The eukaryotic cell cycle is regulated by a complicated chemical reaction network. Although many deterministic models have been proposed, stochastic models are desired to capture noise in the cell resulting from low numbers of critical species. However, converting a deterministic model into one that accurately captures stochastic effects can result in a complex model that is hard to build and expensive to simulate. In this paper, we first apply a hybrid (mixed deterministic and stochastic) simulation method to such a stochastic model. With proper partitioning of reactions between deterministic and stochastic simulation methods, the hybrid method generates the same primary characteristics and the same level of noise as Gillespie's stochastic simulation algorithm, but with better efficiency. By studying the results generated by various partitionings of reactions, we developed a new strategy for hybrid stochastic modeling of the cell cycle. The new approach is not limited to using mass-action rate laws. Numerical experiments demonstrate that our approach is consistent with characteristics of noisy cell cycle progression, and yields cell cycle statistics in accord with experimental observations.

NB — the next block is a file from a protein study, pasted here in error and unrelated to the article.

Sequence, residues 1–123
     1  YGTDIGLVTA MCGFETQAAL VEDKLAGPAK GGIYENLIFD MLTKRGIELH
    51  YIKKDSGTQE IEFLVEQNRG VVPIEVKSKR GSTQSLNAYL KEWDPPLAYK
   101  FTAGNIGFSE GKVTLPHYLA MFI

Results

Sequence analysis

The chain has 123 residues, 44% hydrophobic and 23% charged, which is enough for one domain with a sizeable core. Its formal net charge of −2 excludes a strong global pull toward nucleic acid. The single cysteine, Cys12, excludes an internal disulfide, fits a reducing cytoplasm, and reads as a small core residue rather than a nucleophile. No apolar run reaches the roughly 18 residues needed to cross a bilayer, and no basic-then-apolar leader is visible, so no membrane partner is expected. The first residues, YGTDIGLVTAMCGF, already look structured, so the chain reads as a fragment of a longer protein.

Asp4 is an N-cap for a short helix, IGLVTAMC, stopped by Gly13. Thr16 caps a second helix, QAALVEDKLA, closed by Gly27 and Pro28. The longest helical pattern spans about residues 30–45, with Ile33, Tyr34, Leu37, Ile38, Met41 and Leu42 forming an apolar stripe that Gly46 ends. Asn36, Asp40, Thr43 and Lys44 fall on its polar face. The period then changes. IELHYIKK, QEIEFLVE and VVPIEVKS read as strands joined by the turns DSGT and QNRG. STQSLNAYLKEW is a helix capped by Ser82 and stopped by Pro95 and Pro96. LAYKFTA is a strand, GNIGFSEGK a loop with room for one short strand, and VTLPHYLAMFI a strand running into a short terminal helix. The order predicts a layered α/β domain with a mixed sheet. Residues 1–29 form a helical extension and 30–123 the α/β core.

© 2012 American Institute of Physics